A defamation battle between Clive Palmer and Mark McGowan is set to drag into next year, with domestic border closures having prevented mediation.
The Federal Court on Friday rejected the West Australian premier’s bid to have the matter pushed back until the second half of 2022.
Barrister Lyndelle Barnett, representing Mr McGowan, said there was no real certainty whether the premier would be available for a proposed February trial in Sydney.
She said the parliamentary sitting calendar for next year had not been released and “there was a risk” border closures could still be in place.
“I appreciate that my client has a degree of control over that but he has implemented those border controls for a reason,” Ms Barnett told the remote court hearing.
“For all of those reasons … we would be seeking to have a hearing in the later part of 2022.”
Justice Michael Lee said such an outcome would be “unsatisfactory” and such cases should, by their nature, be resolved promptly.
The judge flagged he would look to set aside dates in January and February with the trial expected to last up to three weeks.
He indicated it could be shifted from Sydney to Perth to accommodate the premier’s commitments.
Ms Barnett said an order for in-person mediation to take place before the end of September had not been possible to fulfil because of continued border closures.
She sought a variation to the order made by Justice Richard White that would permit mediation to be carried out virtually, adding that former WA Chief Justice Wayne Martin had been nominated as a potential mediator.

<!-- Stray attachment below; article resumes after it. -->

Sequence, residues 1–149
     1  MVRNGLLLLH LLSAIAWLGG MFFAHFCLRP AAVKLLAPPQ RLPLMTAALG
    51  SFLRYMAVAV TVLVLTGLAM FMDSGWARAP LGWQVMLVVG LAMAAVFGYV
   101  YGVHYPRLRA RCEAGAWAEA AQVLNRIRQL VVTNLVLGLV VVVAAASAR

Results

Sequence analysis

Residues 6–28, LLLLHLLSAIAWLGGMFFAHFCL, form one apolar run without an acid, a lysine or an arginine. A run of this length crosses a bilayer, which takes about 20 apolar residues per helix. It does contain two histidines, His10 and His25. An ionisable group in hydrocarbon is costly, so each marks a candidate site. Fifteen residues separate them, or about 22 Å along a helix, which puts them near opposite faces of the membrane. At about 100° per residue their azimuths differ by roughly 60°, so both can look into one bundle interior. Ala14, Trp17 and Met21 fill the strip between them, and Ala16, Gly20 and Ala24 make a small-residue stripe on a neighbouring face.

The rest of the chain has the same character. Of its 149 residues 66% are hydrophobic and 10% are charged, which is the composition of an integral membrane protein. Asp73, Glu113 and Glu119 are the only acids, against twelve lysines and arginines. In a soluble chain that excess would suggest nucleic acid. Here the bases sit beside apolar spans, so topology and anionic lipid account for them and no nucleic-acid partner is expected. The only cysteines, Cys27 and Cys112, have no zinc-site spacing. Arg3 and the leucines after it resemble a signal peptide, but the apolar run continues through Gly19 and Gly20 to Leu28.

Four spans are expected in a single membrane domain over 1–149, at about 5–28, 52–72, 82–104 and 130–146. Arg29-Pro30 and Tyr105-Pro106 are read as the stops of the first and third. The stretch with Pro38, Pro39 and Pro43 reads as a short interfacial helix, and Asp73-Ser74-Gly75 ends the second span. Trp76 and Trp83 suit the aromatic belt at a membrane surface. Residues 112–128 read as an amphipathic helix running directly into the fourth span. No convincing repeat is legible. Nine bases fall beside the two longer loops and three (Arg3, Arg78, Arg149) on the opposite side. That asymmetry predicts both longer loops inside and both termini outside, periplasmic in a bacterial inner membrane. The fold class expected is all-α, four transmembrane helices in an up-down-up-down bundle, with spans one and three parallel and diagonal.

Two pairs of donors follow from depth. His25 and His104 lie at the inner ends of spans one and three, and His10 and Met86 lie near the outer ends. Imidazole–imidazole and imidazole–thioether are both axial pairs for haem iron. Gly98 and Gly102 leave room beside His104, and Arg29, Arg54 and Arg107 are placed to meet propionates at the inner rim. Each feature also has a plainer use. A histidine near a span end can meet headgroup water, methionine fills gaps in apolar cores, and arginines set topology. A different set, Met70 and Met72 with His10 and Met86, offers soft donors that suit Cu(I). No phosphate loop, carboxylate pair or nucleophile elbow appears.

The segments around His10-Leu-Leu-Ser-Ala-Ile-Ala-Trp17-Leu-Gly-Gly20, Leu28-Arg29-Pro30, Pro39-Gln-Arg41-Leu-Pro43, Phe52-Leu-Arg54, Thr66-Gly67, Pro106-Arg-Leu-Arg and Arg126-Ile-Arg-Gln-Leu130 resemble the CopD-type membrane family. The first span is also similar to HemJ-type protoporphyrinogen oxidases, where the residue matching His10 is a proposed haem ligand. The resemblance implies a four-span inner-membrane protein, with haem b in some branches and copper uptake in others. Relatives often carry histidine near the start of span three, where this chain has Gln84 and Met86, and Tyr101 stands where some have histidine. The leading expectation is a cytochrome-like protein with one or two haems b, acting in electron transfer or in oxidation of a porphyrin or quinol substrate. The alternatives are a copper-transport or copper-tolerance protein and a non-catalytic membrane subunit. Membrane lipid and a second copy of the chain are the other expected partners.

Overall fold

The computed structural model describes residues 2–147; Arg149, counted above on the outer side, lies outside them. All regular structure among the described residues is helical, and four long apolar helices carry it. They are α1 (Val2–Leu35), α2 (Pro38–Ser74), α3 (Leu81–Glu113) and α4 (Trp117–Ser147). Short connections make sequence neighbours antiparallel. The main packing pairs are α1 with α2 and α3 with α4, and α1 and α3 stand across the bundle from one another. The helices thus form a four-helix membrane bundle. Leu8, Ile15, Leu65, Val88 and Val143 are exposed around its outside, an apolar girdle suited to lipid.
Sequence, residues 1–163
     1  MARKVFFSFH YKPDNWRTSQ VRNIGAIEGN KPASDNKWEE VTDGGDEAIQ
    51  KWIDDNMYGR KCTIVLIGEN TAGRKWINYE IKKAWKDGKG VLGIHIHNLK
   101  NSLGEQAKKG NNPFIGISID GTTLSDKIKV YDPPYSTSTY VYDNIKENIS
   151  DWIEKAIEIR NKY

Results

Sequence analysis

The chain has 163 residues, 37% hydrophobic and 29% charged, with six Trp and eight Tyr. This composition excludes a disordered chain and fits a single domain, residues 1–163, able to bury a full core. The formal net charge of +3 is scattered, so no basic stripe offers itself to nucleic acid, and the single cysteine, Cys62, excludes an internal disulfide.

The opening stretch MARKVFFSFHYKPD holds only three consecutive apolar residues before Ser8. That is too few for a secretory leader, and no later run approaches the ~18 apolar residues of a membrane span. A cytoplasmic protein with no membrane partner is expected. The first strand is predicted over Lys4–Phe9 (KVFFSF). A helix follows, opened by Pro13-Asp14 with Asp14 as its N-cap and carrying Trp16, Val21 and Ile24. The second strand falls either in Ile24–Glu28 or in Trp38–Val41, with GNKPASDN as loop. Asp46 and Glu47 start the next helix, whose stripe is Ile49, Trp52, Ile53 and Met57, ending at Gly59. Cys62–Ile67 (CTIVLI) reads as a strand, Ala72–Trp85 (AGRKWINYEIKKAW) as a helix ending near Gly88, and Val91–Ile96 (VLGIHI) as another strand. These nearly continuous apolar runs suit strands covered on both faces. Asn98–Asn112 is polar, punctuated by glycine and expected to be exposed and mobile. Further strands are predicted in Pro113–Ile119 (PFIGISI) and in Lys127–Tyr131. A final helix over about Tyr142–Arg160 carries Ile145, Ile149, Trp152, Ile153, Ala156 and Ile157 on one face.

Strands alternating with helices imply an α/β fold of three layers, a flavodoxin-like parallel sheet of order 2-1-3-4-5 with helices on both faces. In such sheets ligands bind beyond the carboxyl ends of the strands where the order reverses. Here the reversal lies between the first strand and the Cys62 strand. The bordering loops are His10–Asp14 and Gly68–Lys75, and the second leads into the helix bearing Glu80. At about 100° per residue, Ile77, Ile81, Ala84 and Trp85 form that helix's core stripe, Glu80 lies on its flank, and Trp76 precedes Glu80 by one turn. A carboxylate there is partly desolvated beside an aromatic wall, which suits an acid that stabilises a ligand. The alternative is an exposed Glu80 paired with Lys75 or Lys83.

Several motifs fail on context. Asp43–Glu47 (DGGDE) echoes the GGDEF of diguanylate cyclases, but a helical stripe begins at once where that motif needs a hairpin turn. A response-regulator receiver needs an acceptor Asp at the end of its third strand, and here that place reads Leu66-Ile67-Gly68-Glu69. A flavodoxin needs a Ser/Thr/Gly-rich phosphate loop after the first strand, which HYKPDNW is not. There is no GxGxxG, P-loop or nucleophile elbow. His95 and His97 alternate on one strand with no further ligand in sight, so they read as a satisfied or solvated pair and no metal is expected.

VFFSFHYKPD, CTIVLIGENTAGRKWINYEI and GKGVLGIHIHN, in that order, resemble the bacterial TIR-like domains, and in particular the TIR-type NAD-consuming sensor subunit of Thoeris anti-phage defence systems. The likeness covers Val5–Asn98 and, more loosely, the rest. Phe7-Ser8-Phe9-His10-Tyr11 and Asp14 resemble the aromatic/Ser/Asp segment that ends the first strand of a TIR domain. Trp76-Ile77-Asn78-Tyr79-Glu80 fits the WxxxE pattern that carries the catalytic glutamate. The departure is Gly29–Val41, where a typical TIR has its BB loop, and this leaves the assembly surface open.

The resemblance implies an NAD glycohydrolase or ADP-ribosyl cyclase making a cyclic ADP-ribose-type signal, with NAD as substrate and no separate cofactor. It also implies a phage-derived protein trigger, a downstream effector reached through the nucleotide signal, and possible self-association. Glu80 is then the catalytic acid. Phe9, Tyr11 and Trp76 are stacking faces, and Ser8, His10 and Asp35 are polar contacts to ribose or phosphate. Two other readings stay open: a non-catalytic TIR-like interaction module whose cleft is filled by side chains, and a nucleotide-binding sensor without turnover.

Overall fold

But counsel for Mr Palmer, Peter Gray SC, said an in-person hearing remained preferable.
He said while his client had been open to mediation, Mr McGowan had publicly dismissed the idea as “pointless”.
“In this particular case involving these two particular litigants, who I’m instructed have never actually met, it would be the sort of case where mediation in person is desirable if there’s to be any true likelihood of mediation working in the way that it can,” Mr Gray said.
Noting the “emotional baggage” between the pair, Justice Lee agreed that in-person mediation would be preferable and likely be held in Perth.
Mr Palmer last year filed a lawsuit against the premier, claiming his public comments, including labelling him the “enemy of West Australia”, had damaged his reputation.
Mr McGowan lodged his own defamation counter-claim a month later.
A separate High Court matter between Mr Palmer and the state of Western Australia is awaiting judgment.
It relates to extraordinary legislation passed in WA’s parliament in August to amend a 2002 state agreement with Mr Palmer’s Mineralogy company and terminate arbitration between the two parties.
The bill is designed to block Mr Palmer from claiming up to $30 billion in damages from the state.